After attending individual counseling sessions at CancerCare for a year, Mike and Luis are now firm believers in the importance of emotional support during a cancer diagnosis. “The first thing I’d say to someone coping with cancer is to expand your network of support,” says Mike. “When the opportunity was first presented, I didn’t think I had time to go to counseling, but it’s been terrific.
Luis and Mike first came to CancerCare after they learned that Luis’s cancer – squamous cell carcinoma – had metastasized. “I knew I needed one-on-one attention,” Luis says. “Support groups serve a good purpose, but it was getting to the point that I wanted to talk for the entire hour.”
Any cancer diagnosis, but especially a terminal diagnosis, can take an immense toll on the person with cancer, their caregivers and their loved ones. Counseling can help lift some of that burden by allowing each person to express and work through their emotions individually. “We’ve been together for 35 years, so there’s already a lot between us,” says Luis. Mike adds: “The great thing about coming to CancerCare is that it gives us personal time to address what’s going on.”
Once a week, if the couple is feeling up to it, they come to CancerCare’s New York office. Luis sits down with one of CancerCare’s social workers, while Mike works with another. If they’re not able to make the trip in from New Jersey, they can speak with their social workers over the phone, from the comfort of home. “The flexibility has been really helpful,” says Mike.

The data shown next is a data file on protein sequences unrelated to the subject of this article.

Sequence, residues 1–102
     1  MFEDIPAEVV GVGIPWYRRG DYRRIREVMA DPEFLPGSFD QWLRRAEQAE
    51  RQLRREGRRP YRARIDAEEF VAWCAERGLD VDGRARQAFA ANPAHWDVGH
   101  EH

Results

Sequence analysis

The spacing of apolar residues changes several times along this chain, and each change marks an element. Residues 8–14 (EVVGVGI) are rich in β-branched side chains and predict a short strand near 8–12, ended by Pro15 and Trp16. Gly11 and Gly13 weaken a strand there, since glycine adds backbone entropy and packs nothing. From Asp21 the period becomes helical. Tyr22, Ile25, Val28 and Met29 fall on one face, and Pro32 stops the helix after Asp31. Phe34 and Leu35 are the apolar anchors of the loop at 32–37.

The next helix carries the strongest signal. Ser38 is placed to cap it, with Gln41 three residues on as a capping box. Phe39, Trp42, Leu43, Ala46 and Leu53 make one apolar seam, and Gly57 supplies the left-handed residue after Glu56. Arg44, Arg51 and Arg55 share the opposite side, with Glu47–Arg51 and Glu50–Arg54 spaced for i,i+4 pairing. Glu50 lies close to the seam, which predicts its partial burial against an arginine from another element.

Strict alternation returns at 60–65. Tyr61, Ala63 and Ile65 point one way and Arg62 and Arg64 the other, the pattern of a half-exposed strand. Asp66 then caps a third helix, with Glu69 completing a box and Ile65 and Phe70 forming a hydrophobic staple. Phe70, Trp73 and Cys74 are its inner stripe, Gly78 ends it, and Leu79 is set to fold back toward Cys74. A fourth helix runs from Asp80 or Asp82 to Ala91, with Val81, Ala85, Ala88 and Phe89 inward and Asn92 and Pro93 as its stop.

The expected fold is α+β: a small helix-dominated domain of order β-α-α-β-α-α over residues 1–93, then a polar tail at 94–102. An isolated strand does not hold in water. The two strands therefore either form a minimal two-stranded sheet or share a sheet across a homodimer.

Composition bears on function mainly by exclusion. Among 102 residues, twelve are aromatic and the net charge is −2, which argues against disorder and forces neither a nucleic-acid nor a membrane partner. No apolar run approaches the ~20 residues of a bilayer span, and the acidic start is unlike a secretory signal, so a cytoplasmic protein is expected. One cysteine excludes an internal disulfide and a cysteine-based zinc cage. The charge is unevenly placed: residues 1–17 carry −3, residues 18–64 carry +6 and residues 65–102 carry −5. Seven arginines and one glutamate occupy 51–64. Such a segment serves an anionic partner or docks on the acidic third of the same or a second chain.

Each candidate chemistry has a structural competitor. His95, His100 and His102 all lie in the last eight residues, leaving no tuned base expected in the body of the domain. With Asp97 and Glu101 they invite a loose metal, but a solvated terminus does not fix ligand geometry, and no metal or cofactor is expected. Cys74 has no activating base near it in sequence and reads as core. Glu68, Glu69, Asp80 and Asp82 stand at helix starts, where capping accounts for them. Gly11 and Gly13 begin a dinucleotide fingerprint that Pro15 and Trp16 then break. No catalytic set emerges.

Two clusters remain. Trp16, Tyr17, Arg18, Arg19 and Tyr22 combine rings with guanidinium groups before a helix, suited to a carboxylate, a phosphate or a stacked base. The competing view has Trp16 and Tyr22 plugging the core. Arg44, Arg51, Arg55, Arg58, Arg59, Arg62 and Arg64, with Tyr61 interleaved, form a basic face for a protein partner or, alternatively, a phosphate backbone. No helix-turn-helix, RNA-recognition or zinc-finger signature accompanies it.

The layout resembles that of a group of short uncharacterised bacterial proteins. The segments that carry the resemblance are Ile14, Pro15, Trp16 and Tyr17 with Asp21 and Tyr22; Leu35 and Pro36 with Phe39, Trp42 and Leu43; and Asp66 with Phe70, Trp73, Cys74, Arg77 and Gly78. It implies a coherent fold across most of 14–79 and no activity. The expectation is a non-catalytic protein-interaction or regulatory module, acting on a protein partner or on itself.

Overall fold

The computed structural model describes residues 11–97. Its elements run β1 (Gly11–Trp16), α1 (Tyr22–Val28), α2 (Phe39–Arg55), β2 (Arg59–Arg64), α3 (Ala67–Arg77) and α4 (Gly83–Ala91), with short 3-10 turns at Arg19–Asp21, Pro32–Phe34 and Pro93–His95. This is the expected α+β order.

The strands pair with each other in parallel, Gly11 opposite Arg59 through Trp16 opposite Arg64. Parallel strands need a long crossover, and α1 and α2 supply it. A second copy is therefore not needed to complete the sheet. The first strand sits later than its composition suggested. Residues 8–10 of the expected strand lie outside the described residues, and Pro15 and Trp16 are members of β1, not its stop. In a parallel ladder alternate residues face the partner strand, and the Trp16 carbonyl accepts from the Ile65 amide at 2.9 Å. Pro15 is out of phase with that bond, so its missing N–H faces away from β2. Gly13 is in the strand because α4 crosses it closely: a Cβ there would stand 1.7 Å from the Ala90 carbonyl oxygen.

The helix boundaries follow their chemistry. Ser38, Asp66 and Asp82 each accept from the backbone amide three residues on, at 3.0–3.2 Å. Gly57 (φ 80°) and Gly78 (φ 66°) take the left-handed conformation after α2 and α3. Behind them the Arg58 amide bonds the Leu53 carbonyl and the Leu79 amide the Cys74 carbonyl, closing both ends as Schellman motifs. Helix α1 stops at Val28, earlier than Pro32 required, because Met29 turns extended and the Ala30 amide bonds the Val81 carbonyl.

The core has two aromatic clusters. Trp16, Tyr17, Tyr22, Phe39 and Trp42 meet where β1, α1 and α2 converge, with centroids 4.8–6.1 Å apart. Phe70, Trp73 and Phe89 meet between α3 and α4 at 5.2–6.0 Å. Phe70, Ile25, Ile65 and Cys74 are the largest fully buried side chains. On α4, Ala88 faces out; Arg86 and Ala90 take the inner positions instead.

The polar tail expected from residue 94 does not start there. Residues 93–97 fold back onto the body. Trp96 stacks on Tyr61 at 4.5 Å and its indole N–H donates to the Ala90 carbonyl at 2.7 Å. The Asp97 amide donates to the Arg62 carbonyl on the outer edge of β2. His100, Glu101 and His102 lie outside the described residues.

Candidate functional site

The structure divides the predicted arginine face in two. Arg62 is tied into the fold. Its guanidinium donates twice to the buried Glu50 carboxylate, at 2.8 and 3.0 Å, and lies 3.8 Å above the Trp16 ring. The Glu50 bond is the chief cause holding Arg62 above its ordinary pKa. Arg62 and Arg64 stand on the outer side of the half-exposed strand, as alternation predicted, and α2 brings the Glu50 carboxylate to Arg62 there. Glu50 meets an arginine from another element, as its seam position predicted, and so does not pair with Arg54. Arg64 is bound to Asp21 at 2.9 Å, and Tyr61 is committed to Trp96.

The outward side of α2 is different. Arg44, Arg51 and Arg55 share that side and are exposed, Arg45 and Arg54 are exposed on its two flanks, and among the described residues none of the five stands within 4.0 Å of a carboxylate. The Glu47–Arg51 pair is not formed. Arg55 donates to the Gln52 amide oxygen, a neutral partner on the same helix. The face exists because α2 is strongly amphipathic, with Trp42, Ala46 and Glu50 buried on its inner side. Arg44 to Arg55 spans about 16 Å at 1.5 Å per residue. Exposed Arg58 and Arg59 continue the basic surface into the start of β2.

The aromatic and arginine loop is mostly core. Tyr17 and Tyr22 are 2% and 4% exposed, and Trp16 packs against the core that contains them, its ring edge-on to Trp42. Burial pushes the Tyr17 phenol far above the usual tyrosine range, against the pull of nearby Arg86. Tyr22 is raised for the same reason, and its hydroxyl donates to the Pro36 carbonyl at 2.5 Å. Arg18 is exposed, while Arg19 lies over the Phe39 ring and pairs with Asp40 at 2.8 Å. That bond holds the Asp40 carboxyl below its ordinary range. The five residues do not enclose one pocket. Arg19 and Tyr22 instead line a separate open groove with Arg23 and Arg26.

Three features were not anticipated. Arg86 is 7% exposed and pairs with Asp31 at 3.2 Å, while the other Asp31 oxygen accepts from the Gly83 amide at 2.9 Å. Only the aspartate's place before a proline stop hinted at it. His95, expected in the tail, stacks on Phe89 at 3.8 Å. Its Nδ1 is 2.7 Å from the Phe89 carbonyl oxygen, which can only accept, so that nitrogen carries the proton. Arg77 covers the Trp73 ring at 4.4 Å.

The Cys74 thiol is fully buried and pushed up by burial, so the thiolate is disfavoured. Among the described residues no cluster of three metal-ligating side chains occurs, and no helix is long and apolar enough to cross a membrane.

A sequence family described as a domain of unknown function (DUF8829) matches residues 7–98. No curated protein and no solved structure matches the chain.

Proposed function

In addition to counseling, Mike and Luis have taken advantage of CancerCare’s website and library of publications on cancer-related topics. “It has been an amazing source of knowledge,” Luis says. “They have information, not just about your diagnosis, but about Medicare, clinical trials – and it’s all in one place.”
This is particularly important to Luis, who shares: “My biggest advice to anyone struggling with cancer is that you have to be your own best advocate. Also, write down everything. I had to let everyone know that I was serious about my treatment and I expected the same from them.”
And yet, both men understand the challenges and stigmas that surround speaking up and seeking help. “I am Latino, from Chile. I was brought up hearing that it was important to toughen up, to keep your head down, to push forward no matter what,” says Luis. “It took me a long time to acknowledge that I needed help.”
Now, they’re both glad that counseling is part of their care, and that it’s something that they do together. “If you’re thinking about reaching out for support, don’t delay,” says Mike. “The sooner you’re able to get help the more help you’ll find. My counselor, Mayra Sandoval, is very insightful. She’s great at reflecting back what I feel.”
“CancerCare has been amazing,” agrees Luis. “Counseling helped me cope with a terminal diagnosis. My social worker, Elizabeth Ezra, was with me when I found out when one treatment didn’t work, then another. She helped me talk through it.”
“Liz’s advice is to keep talking,” says Mike. “Now is the time to focus, not just on the cancer, but on living life and making good memories.”